Designing the conversation

The third step in designing a voice user interface is designing the conversation flow.

First, let’s review what we are trying to replicate in the digital world:

(a) talk between two or more people in which thoughts, feelings, and ideas are expressed, questions are asked and answered, or news and information is exchanged
– Cambridge dictionary

Until our voice interfaces develop further, currently they are better suited for the latter part of that definition: questions are asked and answered or news and information is exchanged.

It’s important to understand that your voice interaction UX can only support the capabilities that you have defined. But users are not limited as to what they may ask in terms of the content, format and phrasing.

To get around this we need to properly explore the conversation flow so that we can direct the voice interaction to help guide the user towards what the interface can do.

For each of the identified capabilities, you will need to develop and map out conversational dialogues which are clear and could take several different paths. You can use standard user journey techniques as part of this, understanding the key decision points and divergent paths a user may take to reach their goal.

The conversation flow

Human Conversation

So how do you come up with a list of questions a user might ask?

Start by putting up the end goal or need. We are going to take the example of a voice interface for a thermostat. Let’s look at the user need of “I want to be warmer”.

Grab a bunch of post-its with your team and spend 5 minutes writing out different ways you could convey that intent. Some examples might be:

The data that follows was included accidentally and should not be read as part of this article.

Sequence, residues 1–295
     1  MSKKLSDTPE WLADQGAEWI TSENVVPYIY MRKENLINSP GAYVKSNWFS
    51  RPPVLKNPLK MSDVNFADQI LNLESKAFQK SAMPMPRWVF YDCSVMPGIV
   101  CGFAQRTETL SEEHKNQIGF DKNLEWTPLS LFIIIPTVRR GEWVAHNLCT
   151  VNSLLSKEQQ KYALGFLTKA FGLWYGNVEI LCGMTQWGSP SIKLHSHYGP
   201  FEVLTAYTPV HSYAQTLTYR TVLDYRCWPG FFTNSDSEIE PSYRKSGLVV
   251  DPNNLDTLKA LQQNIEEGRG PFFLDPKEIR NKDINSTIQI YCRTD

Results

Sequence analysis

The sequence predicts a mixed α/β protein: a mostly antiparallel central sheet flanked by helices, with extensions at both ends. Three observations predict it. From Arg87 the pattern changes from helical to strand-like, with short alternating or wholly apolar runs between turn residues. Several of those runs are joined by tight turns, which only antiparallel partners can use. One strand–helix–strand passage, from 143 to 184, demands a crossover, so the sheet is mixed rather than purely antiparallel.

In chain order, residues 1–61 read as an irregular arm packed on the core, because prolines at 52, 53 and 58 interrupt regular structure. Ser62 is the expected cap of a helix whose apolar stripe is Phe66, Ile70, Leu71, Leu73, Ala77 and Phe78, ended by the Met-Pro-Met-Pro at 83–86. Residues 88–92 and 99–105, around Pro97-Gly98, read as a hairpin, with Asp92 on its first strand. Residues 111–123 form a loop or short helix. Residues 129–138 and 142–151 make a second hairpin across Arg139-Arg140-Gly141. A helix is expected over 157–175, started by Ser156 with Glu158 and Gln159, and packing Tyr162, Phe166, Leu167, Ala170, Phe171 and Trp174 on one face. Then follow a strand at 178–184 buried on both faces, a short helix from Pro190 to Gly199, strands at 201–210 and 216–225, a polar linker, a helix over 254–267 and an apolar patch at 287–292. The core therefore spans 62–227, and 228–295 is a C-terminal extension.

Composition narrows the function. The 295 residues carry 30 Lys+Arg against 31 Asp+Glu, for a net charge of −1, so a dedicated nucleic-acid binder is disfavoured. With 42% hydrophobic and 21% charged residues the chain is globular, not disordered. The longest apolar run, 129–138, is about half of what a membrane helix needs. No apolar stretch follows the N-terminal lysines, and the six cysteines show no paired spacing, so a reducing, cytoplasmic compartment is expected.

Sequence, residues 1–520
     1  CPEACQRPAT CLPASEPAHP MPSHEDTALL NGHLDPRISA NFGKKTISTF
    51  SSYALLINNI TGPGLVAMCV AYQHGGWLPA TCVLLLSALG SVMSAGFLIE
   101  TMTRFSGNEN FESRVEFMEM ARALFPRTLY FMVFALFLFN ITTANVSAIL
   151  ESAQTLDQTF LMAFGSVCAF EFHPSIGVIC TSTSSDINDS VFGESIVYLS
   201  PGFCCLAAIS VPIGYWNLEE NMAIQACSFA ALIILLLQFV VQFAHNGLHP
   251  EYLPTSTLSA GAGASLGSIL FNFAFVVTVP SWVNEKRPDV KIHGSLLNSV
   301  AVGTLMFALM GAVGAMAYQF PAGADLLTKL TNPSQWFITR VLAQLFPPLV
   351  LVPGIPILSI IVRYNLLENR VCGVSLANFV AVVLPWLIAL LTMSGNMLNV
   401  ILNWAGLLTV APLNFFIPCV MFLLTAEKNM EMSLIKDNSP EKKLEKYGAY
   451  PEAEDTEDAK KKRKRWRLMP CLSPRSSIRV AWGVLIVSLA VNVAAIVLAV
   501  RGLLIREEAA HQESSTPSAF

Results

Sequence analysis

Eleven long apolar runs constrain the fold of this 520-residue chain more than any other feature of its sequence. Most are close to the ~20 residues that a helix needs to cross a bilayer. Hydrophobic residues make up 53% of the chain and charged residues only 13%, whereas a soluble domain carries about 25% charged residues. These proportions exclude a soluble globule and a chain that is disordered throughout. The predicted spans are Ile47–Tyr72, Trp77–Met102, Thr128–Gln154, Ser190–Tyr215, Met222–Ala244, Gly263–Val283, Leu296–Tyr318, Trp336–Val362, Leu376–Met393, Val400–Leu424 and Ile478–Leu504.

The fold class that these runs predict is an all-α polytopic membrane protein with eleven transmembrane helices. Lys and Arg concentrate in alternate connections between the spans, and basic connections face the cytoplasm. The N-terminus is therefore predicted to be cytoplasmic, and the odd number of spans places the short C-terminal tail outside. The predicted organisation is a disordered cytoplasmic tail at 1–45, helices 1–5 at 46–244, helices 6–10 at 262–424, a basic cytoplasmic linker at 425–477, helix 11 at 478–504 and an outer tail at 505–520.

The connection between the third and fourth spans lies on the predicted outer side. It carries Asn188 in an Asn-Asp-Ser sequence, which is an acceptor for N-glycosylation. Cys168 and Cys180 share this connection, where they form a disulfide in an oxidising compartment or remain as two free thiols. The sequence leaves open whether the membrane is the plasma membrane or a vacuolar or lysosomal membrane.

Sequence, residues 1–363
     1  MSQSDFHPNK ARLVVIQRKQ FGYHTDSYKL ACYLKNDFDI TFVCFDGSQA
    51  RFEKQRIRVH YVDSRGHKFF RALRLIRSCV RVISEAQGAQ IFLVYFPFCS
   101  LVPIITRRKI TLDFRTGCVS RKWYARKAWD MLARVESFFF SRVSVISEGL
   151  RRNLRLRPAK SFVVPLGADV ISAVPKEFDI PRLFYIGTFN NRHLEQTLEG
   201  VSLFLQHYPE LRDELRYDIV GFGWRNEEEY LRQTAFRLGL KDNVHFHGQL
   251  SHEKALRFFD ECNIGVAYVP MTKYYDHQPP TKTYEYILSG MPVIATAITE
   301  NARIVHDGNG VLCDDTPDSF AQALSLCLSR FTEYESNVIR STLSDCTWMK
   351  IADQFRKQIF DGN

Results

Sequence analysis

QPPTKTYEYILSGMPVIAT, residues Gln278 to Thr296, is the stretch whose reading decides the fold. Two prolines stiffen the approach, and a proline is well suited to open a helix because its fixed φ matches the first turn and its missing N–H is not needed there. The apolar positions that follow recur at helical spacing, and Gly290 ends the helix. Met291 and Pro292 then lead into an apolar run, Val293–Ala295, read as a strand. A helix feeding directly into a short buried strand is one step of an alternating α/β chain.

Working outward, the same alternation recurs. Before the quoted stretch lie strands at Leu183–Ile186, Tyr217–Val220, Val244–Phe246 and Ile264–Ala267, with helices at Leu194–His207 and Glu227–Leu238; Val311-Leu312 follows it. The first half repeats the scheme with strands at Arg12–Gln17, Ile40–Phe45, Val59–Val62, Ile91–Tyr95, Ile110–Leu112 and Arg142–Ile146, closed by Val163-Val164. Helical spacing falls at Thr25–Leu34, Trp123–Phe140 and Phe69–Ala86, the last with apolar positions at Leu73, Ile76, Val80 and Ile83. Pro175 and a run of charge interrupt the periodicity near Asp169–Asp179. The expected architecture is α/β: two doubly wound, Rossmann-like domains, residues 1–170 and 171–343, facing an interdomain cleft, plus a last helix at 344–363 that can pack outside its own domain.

• “I am cold”
  • “I want to turn the heating up”
  • “Heating up”
  • “Make it warmer”
  • “It’s too cold in here”

All of these are different potential ways the user might want to interact with your voice user interface. Next, work out how your interface would respond to each of those.

we are narrowing and focussing the conversation from a vague statement of need, into something actionable which we can deal with

For example: “I want to turn the heating up” might be met with “What would you like to set the temperature to?”. Here we are narrowing and focussing the conversation from a vague statement of need, into something actionable which we can deal with.

The content should start with what is referred to as a happy path – this is a conversation flow that voice interfaces can engage in with minimal or no errors.

This should be followed with details where the user may not give full information required to complete the action or where the system may not completely understand the responses.

Where the interface cannot deal with the users question or input it is important to capture this so that you can start to learn more about how users want to interact with your interface.

If lots of people are asking the same thing that you haven’t yet designed an interaction for it’s a good candidate to start to build into your voice interaction design in future.

It’s important to read the conversation loudly with real users so that you can ascertain that there will be a natural flow and get more input as to how people want to communicate with your interface.

As you determine those dialogues bear in mind the tone and voice characteristics.

These tips should help you get started with designing voice interfaces. This is a fast developing field and techniques will evolve over time as new technologies such as machine learning come into play. As always, test regularly with your users, this is an interaction like any other and you should design for needs first.